Rafting in Washington
Breathtaking is the word for Washington's scenery: majestic mountains, evergreen forests, semidesert flatlands and snow-fed rivers slicing through to the Pacific. This is the land of the Cascades, of Mount Rainier, Mount Baker and the Olympic National Park. While whitewater rafting in Washington, many are content to take in the spectacle by floating on lakes amid snow¬capped peaks before hitting the rapids to come downstream.
For those with zest for excitement, the Evergreen State has an abundance of fast-flowing wilderness rivers. They vary greatly in difficulty with the flow of water. In the spring - April through June - they are typically in spate from melting snow. From July until the end of the season in September, they are fed by dam releases or melting glaciers. In any event the water is always cold, whether one is paddling in the mountains or the desert. Wet suits are recommended for runs of whitewater rafting in Washington, and Washington rafters should check water levels before setting out.
Whitewater Rafting in Washington on the Wenatchee River
The most popular river in the state is the Wenatchee, which runs off the east flank of the Cascades - the warmer and sunnier side. Its rapids rate as Class III+ and some previous white water rafting experience is recommended during peak run-off. With a highway beside the river for much of the run, civilization is never far away.
The Sauk River is a great challenge for experienced whitewater rafters in Washington By contrast, superb scenery is to be found along the Sauk River, which flows through dense forest between snowy mountains on the west side of the Cascades. The Upper Sauk run, starting some 16 miles from Darrington, is eight miles long and has tough rapids at the beginning and the end which demand expert paddling. The Middle Sauk trip down to Darrington from the White Chuck River confluence is still more challenging, with its Class III-IV rapids rising to Class V at peak river levels. The Sauk is known for its rapid fluctuations in water flow, which may double from one clay to the next. Parts of it are very difficult to scout because of the terrain and the whole river is subject to logjams.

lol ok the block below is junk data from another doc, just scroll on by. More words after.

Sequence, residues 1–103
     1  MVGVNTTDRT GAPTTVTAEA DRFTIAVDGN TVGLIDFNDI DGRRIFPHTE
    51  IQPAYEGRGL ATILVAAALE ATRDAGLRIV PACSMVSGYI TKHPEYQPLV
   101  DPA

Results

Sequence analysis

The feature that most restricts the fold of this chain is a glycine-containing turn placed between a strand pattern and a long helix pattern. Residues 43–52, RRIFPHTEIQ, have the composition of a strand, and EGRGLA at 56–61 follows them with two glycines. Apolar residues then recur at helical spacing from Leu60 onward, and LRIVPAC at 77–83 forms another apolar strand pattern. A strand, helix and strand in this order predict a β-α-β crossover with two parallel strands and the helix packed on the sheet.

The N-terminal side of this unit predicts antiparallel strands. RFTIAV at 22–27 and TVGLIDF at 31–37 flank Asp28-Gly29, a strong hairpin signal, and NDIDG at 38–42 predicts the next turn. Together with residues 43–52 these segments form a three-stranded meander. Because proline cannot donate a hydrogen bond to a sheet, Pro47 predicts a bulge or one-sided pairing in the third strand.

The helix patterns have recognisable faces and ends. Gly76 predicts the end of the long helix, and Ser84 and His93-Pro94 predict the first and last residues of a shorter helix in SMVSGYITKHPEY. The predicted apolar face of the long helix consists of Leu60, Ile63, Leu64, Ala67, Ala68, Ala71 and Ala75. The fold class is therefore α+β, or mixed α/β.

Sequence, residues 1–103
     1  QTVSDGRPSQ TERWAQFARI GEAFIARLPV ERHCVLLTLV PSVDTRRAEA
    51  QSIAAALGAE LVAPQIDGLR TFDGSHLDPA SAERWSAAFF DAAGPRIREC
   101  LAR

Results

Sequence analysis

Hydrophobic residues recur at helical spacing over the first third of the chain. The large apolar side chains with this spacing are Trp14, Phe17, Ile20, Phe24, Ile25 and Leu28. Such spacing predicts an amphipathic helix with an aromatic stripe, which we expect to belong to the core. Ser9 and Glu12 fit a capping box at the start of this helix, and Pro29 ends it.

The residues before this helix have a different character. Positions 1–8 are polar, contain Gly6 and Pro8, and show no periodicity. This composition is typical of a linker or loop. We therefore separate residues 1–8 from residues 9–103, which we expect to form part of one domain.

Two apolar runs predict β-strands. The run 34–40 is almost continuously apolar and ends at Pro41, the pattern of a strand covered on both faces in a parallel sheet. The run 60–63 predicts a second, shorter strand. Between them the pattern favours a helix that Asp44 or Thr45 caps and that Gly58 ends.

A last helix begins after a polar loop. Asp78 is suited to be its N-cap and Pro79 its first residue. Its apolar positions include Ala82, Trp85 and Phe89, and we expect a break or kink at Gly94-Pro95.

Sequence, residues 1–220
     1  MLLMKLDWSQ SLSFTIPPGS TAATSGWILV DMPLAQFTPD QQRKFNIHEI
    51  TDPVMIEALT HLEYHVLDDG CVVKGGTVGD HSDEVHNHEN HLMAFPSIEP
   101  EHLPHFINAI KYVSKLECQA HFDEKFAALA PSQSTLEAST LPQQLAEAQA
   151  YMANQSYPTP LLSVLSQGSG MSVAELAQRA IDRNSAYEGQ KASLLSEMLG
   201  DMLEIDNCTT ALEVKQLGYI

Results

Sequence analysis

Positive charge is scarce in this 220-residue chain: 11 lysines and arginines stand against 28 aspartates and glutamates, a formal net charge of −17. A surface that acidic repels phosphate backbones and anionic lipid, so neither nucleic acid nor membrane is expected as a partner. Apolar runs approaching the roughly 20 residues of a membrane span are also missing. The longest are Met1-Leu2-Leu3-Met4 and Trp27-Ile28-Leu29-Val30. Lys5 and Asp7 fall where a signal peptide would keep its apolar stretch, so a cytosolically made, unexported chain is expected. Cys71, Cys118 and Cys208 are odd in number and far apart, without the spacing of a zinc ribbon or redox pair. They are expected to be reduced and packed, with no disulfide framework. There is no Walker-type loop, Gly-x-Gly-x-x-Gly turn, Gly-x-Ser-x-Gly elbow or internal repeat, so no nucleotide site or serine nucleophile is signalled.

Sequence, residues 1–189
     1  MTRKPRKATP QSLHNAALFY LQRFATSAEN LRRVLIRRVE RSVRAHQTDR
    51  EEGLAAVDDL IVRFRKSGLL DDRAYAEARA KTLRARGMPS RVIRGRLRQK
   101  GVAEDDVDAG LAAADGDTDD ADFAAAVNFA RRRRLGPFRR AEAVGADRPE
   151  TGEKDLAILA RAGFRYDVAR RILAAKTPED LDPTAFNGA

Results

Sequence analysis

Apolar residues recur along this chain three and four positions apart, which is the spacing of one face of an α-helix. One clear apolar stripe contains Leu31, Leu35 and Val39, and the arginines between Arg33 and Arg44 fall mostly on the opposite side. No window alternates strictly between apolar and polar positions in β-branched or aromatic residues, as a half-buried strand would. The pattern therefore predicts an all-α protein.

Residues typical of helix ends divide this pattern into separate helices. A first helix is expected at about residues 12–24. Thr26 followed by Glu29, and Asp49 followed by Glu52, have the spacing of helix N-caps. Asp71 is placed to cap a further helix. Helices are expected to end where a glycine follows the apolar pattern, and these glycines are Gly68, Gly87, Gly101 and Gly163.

One of the tougher rivers in the state is the Skykomish, with an eight-mile run rated Class III-V. The put-in is near Index, just off US 2 and only an hour's drive northeast of Seattle. Its most famous rapid is the Class V Boulder Drop, which many paddlers prefer to portage. The Skykomish is a very clean river with magnificent views of 5,000-foot mountains, and its banks are forested with evergreens and hardwoods.
Only 30 miles from Seattle is the Green River Gorge, a boulder-choked chasm with Class III-IV rapids dropping into deep green pools. Although it is one of the state's most beautiful river canyons, its waters are dam-controlled, with releases at unpredictable intervals. So outfitters cannot schedule trips through this lush rain forest gorge except at short notice, and then only in the spring.
A great float for families all summer long is the Skagit within North Cascades National Park. Although several dams control its flow, the Skagit is still relatively unspoiled and scenic, with salmon spawning in the fall and bald eagles circling overhead during the winter. The put-in for the nine-mile Class II-III run is near Newhalem and paddlers enjoy views of high Cascades peaks.
Washington State is not only blessed with magnificent mountains and rivers; it also has the superb San Juan Islands. They are said to be the only place in the world where sea kayakers can watch whales. But there is much more besides: largely unspoiled forested islands, historic sites, and plenty of wildlife, including dolphins, seals, sea turtles, water birds, and bald eagles. Fishermen pursue salmon, cod, and rockfish. But the real attraction is whitewater rafting in Washington. River Runners conduct "mild to wild" guided trips on the Eagle, Upper Skagit, Suiattle, Nooksack, Wenatchee, Methow, Tieton, Skykomish. Sank, Green. Cascade and Klickitat rivers, as well as streams in Oregon. Some of these are recommended for beginners, others have rapids of Class V+ difficulty.
Downstream prides itself on quality and safety, with all its river guides certified as Swiftwater Rescue Technicians. Open from March to September, it provides instruction and trips of one to five days' duration. Some outfitters provide wetsuits.
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